One of the most impressive aspects of the current Ventura College production of "Brighton Beach Memoirs" is the way the audience, seemingly drawn for the most part from the college community, responded so positively to the nostalgia of a man old enough to be their grandfather.
Neil Simon's semi-autobiographical play is set in Brooklyn in 1937, a far cry indeed from 1990 Ventura.
Still, the crowd on Sunday afternoon seemed to identify with the life of a second-generation, lower-middle-class Jewish family in Depression-era New York. Some aspects of family life are, indeed, universal.
Elliot Nahmias plays Eugene Jerome, the 14-year-old aspiring writer who occasionally steps outside the story to narrate it.
His family includes his parents, Jack and Kate, and Eugene's elder brother, Stanley. Also living in the house are Kate's sister, Blanche, whose two daughters, Nora and Laurie, are about the same ages as Stanley and Eugene, respectively.
The Jerome family is facing trouble, or at least change, from several directions.
Jack is having health and job problems, and Stanley is on the verge of losing his job over a matter of personal ethics. Nora wants to leave home to pursue a career on the stage, and Laurie's heart problems essentially confine her to the house.
If that's not enough to keep a play going for two hours, sisters Kate and Blanche may be headed for a confrontation they've been able to avoid for their entire adult lives. And if the Jeromes' relatives are able to flee German-occupied Poland successfully, where will they stay?
All of these situations are faced and answered before the end of "Brighton Beach Memoirs," and Simon manages to do so in a generally satisfying manner that draws as many laughs as tears.
Eugene, the Simon surrogate, is the play's central character, and Nahmias is convincing in the role--though he's clearly several years too old for the part, a problem that the audience has to ignore to appreciate Libbey Lazarus' portrayal of the spoiled youngster, Laurie.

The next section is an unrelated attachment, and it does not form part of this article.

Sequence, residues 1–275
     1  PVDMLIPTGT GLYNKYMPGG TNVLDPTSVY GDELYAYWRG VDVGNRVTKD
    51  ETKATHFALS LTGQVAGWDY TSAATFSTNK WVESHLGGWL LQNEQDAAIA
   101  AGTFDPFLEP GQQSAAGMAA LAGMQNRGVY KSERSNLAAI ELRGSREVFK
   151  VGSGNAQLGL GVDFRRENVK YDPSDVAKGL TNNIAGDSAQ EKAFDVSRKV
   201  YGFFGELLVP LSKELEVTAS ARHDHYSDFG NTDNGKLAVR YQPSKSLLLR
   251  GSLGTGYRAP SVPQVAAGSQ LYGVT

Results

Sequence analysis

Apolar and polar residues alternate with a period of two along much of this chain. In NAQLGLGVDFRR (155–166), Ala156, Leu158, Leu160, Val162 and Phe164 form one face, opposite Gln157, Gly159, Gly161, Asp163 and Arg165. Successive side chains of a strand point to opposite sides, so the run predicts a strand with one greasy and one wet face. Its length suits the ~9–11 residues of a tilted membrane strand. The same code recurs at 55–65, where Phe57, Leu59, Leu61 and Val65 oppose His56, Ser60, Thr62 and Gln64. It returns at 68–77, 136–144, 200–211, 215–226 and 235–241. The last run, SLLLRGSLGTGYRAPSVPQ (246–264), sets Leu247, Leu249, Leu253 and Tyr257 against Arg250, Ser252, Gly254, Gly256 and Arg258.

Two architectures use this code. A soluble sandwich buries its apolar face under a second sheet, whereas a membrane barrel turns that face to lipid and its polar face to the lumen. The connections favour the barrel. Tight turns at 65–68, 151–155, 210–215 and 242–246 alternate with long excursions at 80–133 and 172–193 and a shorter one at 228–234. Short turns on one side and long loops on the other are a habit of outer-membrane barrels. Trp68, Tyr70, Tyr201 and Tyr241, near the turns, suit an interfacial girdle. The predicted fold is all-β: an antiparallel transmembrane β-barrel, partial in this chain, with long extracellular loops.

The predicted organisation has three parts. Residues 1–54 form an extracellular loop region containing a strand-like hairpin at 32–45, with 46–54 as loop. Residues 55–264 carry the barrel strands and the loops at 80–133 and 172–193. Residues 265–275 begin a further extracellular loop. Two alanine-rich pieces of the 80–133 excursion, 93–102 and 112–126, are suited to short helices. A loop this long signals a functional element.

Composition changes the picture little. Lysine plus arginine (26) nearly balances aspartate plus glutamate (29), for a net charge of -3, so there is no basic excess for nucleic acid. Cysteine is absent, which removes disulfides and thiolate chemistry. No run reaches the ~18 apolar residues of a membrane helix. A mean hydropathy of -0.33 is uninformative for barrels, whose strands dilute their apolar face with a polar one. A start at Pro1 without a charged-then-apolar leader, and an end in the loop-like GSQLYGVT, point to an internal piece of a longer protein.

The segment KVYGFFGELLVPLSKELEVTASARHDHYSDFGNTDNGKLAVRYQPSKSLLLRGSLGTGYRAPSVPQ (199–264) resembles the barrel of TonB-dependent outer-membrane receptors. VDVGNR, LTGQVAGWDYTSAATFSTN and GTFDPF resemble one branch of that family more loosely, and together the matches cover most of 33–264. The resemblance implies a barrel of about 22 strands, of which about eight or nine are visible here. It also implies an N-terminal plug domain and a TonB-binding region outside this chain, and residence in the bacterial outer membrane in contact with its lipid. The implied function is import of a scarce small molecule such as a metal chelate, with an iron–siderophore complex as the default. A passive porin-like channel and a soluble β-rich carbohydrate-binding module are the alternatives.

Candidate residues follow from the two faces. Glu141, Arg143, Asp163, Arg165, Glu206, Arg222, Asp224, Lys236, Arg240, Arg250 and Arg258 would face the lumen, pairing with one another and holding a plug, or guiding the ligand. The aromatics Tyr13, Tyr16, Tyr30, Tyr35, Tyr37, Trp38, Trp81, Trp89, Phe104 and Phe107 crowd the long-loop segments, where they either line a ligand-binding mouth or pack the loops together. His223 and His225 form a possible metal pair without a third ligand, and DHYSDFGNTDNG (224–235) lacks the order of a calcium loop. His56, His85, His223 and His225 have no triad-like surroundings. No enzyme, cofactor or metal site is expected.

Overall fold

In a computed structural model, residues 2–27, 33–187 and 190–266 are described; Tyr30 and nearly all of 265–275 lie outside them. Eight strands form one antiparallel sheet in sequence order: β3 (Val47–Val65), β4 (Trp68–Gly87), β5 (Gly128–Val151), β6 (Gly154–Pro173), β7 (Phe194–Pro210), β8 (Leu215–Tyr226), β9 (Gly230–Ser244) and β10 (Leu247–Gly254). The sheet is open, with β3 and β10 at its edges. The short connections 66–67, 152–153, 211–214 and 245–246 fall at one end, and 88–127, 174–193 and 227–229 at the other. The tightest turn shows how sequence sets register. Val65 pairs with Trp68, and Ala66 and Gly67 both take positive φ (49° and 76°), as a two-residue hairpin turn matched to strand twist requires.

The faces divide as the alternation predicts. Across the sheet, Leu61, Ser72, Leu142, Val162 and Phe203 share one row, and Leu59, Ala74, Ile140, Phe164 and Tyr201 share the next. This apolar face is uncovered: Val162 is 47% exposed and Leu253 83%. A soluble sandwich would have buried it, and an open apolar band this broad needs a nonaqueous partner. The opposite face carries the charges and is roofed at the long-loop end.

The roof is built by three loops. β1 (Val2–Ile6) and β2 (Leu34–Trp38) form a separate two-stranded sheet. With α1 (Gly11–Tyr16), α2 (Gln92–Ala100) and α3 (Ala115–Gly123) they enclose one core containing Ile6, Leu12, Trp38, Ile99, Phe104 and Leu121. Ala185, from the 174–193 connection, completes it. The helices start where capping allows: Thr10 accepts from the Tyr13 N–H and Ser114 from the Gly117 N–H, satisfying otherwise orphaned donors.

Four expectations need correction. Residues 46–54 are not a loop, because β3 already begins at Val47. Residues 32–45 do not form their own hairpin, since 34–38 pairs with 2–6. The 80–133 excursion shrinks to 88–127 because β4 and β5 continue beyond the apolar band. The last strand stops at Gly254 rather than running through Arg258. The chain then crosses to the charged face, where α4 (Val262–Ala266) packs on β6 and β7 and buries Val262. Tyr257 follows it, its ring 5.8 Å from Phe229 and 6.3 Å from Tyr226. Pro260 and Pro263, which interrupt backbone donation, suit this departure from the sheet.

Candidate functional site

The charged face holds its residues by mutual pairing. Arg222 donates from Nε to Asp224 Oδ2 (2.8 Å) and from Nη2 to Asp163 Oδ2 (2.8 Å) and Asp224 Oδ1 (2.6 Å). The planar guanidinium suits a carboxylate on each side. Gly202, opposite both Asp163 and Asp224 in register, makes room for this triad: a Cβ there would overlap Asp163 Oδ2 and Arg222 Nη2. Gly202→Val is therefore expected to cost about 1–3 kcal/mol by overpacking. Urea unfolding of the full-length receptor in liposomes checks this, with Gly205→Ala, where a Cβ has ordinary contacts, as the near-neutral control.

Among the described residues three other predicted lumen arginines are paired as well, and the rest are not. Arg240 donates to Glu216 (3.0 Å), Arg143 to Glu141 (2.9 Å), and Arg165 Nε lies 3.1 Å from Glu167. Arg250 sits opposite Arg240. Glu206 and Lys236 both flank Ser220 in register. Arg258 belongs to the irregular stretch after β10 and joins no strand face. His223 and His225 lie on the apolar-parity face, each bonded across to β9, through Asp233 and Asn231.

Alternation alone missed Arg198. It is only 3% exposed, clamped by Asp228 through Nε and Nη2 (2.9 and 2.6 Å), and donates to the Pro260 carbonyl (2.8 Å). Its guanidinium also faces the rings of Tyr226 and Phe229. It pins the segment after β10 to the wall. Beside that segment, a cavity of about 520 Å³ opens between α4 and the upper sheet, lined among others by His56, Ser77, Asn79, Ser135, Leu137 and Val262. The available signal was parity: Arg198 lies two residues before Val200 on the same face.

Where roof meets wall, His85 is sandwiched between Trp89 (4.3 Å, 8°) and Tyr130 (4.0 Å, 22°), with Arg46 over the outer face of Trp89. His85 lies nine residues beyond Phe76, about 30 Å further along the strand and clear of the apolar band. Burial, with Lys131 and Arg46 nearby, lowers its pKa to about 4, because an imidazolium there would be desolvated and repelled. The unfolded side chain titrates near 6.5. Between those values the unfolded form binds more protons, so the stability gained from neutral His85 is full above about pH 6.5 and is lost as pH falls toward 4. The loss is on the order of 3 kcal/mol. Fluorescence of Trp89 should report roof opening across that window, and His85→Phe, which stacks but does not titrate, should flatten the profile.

More believable are the older characters, with John Medeiros especially noteworthy as the overworked father, and William F. McDonald as brother Stanley.
Simon has some trouble writing female characters without a comic edge, giving Sara Nesson, Verity George and Roberta Lakavage relatively little to work with as Kate, Blanche and Nora.
They all do well with what they're given.
Direction, by the V.C. theater department's Jay Varela with selected scenes supervised by Tony Marciel and Anna Quirino, is efficient and assured.
Technical director Willy Eck has designed a quite remarkable set, and both costumes (Abra Flores) and makeup (Edwin Barron) are commendable.
The first third of a trilogy that also includes "Biloxi Blues" and "Broadway Bound," this is one of Simon's most well-rounded works.
The Ventura College production is worth seeing.
WHERE AND WHEN
"Brighton Beach Memoirs" concludes this weekend, with performances at 8 p.m. Friday and Saturday nights, and at 3 Sunday afternoon. General admission tickets are $7 for adults, $5 for students, seniors and Ventura College staff, and $3 per tickets for groups of 10 or more. Ventura College is at 4667 Telegraph Road in Ventura, though the theater faces Loma Vista Road on the north side of the campus. Call (805) 654-6459 for reservations or additional information.